Despite it not being proven (yet), the Loch Ness Monster has its fair share of cult followers; not all of whom are as crazy as you think. Some just like the idea of a giant sea creature guarding the waters of Scotland, so much so that they want to make a giant wooden egg in place of the real deal.

YouTube channel Etienne Morin Woodturning has taken a Cherrywood burl and turned it into an egg Nessie would be proud to nurture:

After chipping off the bark, he readies the resin and pours it into the burl’s many holes, cracks, and crevices. Most of the resin mixture goes into a giant hole on one side, filling it up to create a more egg-like shape for woodturning.

Woodturning Nessie Egg

Since he doesn’t have a pressure pot, he has to put borders around the resin and wait for it to harden the old fashioned way. Once the mixture is relatively hard, he can work on fissures located on other sides of the burl.

Woodturning Nessie Egg
Woodturning Nessie Egg

With the resin dried, he can finally get to woodturning. Chipping rough wood into a smooth egg takes a lot of time and patience but with enough of it, a mythical being’s egg starts to emerge. And the best part: this one is real.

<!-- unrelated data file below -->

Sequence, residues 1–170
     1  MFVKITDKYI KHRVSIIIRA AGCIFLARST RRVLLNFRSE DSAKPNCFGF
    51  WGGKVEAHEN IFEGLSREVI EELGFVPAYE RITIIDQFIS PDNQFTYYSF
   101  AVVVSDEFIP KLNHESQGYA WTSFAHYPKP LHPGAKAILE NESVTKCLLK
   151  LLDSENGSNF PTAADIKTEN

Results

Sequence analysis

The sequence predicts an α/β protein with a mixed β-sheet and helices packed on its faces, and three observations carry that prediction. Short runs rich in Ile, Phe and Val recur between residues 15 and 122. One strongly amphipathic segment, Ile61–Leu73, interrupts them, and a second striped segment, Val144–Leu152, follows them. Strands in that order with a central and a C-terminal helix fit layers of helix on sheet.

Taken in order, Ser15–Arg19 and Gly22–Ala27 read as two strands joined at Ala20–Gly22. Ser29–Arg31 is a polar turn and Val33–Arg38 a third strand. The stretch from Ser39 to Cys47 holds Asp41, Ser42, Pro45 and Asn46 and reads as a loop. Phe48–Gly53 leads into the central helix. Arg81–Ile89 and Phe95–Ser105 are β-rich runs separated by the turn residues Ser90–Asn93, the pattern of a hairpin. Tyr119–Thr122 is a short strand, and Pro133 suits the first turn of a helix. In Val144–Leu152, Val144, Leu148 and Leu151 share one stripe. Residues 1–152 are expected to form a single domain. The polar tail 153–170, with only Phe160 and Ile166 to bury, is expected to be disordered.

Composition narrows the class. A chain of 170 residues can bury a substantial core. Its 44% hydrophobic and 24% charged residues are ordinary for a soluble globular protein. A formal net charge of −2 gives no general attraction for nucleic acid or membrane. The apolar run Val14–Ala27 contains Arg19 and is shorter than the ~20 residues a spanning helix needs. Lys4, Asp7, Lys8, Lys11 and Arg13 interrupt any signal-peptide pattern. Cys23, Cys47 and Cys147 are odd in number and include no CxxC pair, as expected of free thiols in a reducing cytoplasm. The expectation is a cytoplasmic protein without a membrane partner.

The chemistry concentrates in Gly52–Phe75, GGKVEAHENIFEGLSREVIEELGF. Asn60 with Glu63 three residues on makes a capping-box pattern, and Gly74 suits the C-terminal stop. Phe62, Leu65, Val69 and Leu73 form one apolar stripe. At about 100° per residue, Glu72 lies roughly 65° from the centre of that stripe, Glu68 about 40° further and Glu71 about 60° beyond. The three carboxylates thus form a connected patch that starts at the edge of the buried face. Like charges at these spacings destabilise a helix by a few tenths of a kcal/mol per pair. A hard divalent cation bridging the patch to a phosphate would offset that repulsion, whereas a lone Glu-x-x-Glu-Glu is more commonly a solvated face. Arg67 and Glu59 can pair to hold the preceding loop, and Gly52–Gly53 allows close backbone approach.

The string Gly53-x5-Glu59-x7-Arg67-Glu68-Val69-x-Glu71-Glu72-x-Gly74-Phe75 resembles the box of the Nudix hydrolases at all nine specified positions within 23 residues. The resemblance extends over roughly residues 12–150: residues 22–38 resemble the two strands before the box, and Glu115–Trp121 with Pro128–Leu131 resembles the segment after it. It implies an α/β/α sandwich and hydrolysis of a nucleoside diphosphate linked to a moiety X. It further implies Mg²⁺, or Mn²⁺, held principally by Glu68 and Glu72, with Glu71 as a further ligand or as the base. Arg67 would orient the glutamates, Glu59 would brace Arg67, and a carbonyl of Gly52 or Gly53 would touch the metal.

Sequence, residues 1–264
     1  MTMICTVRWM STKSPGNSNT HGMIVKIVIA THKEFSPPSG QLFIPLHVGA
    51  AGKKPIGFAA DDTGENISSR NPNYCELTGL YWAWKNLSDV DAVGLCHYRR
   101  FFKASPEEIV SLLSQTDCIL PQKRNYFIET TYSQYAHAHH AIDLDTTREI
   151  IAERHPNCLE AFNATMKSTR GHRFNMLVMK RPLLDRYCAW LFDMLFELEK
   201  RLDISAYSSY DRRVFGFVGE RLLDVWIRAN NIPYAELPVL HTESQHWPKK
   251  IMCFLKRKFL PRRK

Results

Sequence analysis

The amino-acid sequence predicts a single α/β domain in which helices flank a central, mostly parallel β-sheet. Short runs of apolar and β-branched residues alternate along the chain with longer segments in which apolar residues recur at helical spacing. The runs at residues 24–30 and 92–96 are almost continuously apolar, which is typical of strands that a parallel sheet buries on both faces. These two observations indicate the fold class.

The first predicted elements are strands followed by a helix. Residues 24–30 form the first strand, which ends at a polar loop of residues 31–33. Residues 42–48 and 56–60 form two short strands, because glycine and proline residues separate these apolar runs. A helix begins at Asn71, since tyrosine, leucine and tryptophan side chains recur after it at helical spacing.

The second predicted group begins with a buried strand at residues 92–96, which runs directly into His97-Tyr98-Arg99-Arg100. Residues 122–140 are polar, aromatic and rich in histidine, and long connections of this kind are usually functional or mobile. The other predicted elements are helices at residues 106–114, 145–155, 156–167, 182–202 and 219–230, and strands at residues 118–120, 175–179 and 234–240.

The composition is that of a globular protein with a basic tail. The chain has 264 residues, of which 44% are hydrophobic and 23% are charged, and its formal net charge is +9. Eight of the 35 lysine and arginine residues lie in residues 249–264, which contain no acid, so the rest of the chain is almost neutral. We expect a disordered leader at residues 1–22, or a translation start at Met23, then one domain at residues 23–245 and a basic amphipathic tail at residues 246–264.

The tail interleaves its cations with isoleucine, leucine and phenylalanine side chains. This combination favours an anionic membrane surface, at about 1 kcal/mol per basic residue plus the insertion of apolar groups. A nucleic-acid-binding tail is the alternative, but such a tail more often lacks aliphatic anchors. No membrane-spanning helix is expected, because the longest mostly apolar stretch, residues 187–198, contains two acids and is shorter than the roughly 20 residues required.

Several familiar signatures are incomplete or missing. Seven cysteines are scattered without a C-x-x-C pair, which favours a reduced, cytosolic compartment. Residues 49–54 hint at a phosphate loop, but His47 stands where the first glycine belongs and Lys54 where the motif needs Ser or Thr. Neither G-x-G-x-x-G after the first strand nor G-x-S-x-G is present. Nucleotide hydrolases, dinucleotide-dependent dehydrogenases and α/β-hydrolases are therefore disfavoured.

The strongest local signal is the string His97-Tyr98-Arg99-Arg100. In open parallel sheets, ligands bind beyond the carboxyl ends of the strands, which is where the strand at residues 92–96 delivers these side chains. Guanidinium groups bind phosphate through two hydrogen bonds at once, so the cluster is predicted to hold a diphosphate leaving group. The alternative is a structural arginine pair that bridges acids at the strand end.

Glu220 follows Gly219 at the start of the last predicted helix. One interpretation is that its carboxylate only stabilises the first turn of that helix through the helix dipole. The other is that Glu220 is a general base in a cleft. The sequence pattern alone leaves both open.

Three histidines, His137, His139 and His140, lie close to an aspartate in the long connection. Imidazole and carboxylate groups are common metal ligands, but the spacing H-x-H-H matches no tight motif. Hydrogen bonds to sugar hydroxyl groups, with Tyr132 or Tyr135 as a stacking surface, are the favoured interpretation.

Woodturning Nessie Egg

As more of the burl gets chipped away, bad wood is removed and cracks are filled with white epoxy. These are simple matters to attend to, but he has to make sure to take a pause now and then to look out for them.

Woodturning Nessie Egg
Woodturning Nessie Egg

Once he gets the burl down to its final egg shape, he cuts off the top portion and starts sanding it down (first with an electric sander and then manually with sandpaper) to make everything smooth.

Woodturning Nessie Egg

He then applies some Yorkshire grit and high gloss Hampshire sheen to give some shine to the egg’s surface. To cap it all off, he buffers the entire egg until it’s as shiny as the surface of the water Nessie resides in.

Woodturning Nessie Egg

The bottom portion of the egg is cut off-screen, but you can be sure it went through the same sanding and polishing process as the rest of the faux egg. The end result is a very shiny, very real wooden egg for a yet unproven species.

You can find more woodturning goodness over at the Etienne Morin Woodturning YouTube channel.

Author

Carlos wrestles gators, and by gators, we mean words. He also loves good design, good books, and good coffee.